One of the perks of having some of the US Team travel to Africa for a Global Strategy Meet is making our library of stories richer. To be able to share with the Asante Africa community worldwide stories about the impact that we’re able to make. A lot of them are heartwarming, a lot of them give us hope, and some of them give a hard reminder of why we should continue doing what we do.
The story we share here is an example of the latter. The topic might not make it an easy read, but if we ever needed evidence that we can do something for change, then this would be it.
A frightened, malnourished girl sits in a room of Asante Africa Foundation Board Members and begins her plea for help. Her story is heard far too often in rural Africa.
Kypuu lost her mother to illness before she turned five. Her father, wanting nothing to do with her, sent her to live with her maternal Grandmother in a neighboring village.
Her Grandmother died less than a year later. This was the last time she felt wanted or loved. After the death of her Grandmother, Kypuu is sent to live with her Uncle’s family, where she is not wanted. Life is hard. Years pass without much change. She is ten years old now and does not know how to read or write. She wants to go to school, but the family refuses to pay the school fees. Even though tuition fees in public schools was eliminated and education was made compulsory from age 7 onwards, the families still must pay for textbooks, supplies and examination fees. These fees are a huge barrier to entry.
One day a determined Kypuu sets off on a journey to the local primary school five kilometers away and waits to speak to the head teacher. The head teacher hears her plea. She knows that the only way Kypuu will get an education is if she can find a sponsor for her fees. After many months, she finds a sponsor for Kypuu. Now the family cannot refuse.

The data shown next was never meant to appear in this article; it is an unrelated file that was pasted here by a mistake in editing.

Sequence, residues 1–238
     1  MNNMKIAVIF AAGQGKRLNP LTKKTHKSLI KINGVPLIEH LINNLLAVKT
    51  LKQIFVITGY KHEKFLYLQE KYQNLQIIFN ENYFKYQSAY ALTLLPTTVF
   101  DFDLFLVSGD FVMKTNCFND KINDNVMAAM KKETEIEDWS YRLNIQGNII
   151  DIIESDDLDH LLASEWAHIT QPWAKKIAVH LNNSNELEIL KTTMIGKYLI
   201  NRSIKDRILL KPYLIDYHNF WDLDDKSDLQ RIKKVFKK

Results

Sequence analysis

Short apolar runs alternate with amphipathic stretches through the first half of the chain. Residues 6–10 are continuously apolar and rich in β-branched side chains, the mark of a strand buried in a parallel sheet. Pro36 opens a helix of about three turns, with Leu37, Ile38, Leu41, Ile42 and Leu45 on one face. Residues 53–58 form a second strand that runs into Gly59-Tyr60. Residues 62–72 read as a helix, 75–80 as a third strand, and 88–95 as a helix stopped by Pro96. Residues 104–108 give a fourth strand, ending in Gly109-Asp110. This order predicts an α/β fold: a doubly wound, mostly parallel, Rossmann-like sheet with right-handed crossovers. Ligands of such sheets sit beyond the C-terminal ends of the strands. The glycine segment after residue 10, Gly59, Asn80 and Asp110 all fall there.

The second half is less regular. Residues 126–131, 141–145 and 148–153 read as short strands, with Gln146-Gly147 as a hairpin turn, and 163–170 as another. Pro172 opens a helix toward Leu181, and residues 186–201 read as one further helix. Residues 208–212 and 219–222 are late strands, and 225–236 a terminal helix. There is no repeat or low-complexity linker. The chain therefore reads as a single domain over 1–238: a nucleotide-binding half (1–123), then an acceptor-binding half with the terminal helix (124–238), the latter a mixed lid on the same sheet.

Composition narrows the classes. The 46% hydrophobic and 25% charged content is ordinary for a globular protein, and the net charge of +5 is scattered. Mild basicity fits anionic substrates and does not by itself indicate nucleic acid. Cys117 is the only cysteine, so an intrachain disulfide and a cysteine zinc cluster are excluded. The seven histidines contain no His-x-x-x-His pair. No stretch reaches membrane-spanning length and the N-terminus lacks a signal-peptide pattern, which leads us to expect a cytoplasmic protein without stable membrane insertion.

Kypuu works very hard at school. She had missed Kindergarten through 4th grade, but in two years, she passes 5th grade. Her teacher, who accompanied her on this journey to Arusha, reports that her test scores are some of the highest in the county. The primary school Kypuu attends is supported by Asante Africa’s Girls Advancement Program. This after school program teaches young girls in rural areas about their rights, self-esteem, reproductive health, hygiene, financial literacy and much more. All is good, for a while.
(Asante Africa Foundation’s Girls Advancement Program)
This story takes a turn for the worse when at the age of 12 Kypuu’s father marries her off. She is taken from school and sold to a man she does not know. Married and afraid, Kypuu waits for a chance to escape. Finally the time comes, she runs to the local authorities. And because of Asante Africa Foundation, she knows her rights.
No longer required to be married, the authorities returned Kypuu to her uncle’s family and life gets worse. In retaliation, the Aunts accuse Kypuu of crushing the maize and beans into uneatable powder. This is a serious offense as food is scarce. Her Uncle beats her severely. For months the lies and beatings continue. No longer able to endure, she runs away yet again. She runs to her place of refuge; her school. In fear for her life, the head teacher purchases bus tickets to Arusha and they travel to Asante Africa Foundation to tell her story.
Yohana Mcha is a board member for Asante Africa Foundation and a powerhouse for youth education in Tanzania. Upon hearing the story she arranges a new school and boarding for Kypuu, in a town far away from her family. After she finishes her primary school, she will transfer to Mama Mcha’s secondary school. Safe at last!
Now it is just a matter of raising enough money to cover her expenses. Annual fees including boarding and life skill classes are $1,000 per year. As little as $85 per month can give these girls a safe space to live, quality education, life skills to protect themselves, and the opportunity to reach their dreams. You can support Asante Africa Foundation in their endeavors, and help make an impact.